Pretty soon I'd secured a length of free-hanging barbed wire from a nearby fenceline and handed it to John as he rode up, the idea being to secure the exhaust pipe to the motorcycle to get it home.  The wire turned out to be  too thick and unmanageable but one of the Uralisti, Dave, came up with a spool of safety wire!

photo courtesy of Deana and Jay

John aka "Safety Wire"

 Here's John on his second wiring attempt.  The first one didn't last long so he's
using more of the wire this time.

 Waiting alongside the road for repairs on John's rig to finish.
Sad thing was a couple of Harley Davidsons motored on by, waving at us

Repairs done, we motored on and soon reached pavement at the end of Phantom Canyon Road in the small town of Victor.  I think it was just before this that Sally and Dave split off from the group as they live in Colorado Springs and and Julie and Craig I think left us here to go home via a separate route. Sorry if  I got the departure sequences wrong folks!  As folks executed another "rest break" series of operations, I found John some copper wire strands which had been discarded by the local energy concern.  This stronger but malleable stuff proved to be the winner in terms of a good solution to John's exhaust pipe mounting needs:

Those of us who were left departed as a group from Victor and took County Road 81 north towards the town of Divide, CO.  The ride was uneventful though full of trepidation on our part as the skies above were dark and stormy looking clouds that threatened that cold rain that makes life "interesting".

 Leaving Victor
photo courtesy of Deana and Jay

 A view of the storm on Pikes Peak
photo courtesy of Deana and Jay

 Darkening Skies
photo courtesy of Deana and Jay

 photo courtesy of Deana and Jay

Safe and Dry at Divide, co
photo courtesy of Deana and Jay

We managed to outrun the rain though and made it to Divide without getting wet.  Two of the rigs, Deana and Jay's and Piper and Darrel decided to take a "dirt shortcut" north of town towards Deckers  The rest of us went by highway (CO 67) out of the town of Woodland Park to Deckers for ice cream.

The ride to Deckers was incident free, the road was full of motorcycle riders enjoying the nicely warm day and Deckers itself was crammed with motorcycles.  The Urals caused their usual UDF as they tended to stand out from the throngs of HD type cruisers in the parking lot.  We got ourselves a table and people watched for about 30 minutes.  We did see our two "we want more dirt riding" Uralisti cruise by at speed past our location perhaps 20 minutes after we'd arrived.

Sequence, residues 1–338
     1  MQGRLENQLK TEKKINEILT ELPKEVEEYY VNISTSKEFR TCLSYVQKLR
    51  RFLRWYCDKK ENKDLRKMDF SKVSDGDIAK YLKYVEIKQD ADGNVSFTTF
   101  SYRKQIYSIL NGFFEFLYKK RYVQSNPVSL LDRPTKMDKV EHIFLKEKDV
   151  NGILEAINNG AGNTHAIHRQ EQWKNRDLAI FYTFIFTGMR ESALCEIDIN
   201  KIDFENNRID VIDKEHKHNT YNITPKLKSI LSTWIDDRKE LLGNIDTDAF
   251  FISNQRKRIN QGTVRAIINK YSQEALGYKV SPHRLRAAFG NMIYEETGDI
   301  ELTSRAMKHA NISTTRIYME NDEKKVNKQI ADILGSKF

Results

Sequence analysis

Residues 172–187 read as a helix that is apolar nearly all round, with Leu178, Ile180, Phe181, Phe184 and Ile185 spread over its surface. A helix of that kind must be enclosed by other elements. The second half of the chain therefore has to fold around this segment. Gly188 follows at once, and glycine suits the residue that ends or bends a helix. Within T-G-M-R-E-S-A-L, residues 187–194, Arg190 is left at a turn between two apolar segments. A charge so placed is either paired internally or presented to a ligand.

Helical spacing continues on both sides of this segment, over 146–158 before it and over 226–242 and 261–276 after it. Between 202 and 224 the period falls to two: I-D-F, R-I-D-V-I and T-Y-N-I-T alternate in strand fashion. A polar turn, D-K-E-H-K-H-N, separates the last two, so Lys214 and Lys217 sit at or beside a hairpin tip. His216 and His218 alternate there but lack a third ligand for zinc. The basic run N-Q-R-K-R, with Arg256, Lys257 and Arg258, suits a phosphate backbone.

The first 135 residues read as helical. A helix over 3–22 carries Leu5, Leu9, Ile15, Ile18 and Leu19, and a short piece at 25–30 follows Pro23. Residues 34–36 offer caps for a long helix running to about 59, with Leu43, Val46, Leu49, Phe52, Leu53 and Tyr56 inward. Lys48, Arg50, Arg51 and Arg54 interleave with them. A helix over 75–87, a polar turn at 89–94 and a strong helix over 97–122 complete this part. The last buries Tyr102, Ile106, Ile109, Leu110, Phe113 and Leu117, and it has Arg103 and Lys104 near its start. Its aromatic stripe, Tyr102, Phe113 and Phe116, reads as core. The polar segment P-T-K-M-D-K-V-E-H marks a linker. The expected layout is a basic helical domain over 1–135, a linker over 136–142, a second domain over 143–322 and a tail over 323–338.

I left the Uralisti after the late lunch and headed North on CO 67 towards the dirt roads that take one to Sprucewood, CO.  John and his rig would be escorted back to the Denver Metro Area by Greg and Cathy in their brand new Gobi Ural Gear-up.

There was light traffic on this road which parallels the Platte River and soon enough I was climbing up the dirt road with reported 15% grades headed towards Sprucewood.

 One of several hilly climbs on the way to Sprucewood.
It was "first gear" all the way up to the top of this one!

Past Sprucewood and back onto pavement, it was twisty turns, up and down hills, finally exiting out of Jarre Canyon.  I made a quick detour on Bee Rock Road and posed Valencia at this spot:

 Bee Rock

Leaving Bee Rock, I was soon in the town of Sedalia, just in time to line up at the queue waiting for a coal train to cross through town.  No problem, it gave a chance to check in and to rest my throttle hand.  I really need to get some kind of cruise control on it.

Once I was southbound on US85, it was clear sailing to the city of Castle Rock where I caught glimpses of some nice lightning on the town's namesake and distant Pikes Peak.  So I cruised over to my usual spot for pictures of both and got this:

Castle Rock and Pikes Peak

I was home soon after the above shot, motoring up Founder's Parkway towards the Town of Parker and soon enough back in my home neighborhoods.  A bit over 12 hours of riding today, perhaps 10 of it in the saddle.  Valencia did great, though I think she got some of the dust from the trail, I must go and get her a spare air filter to carry along.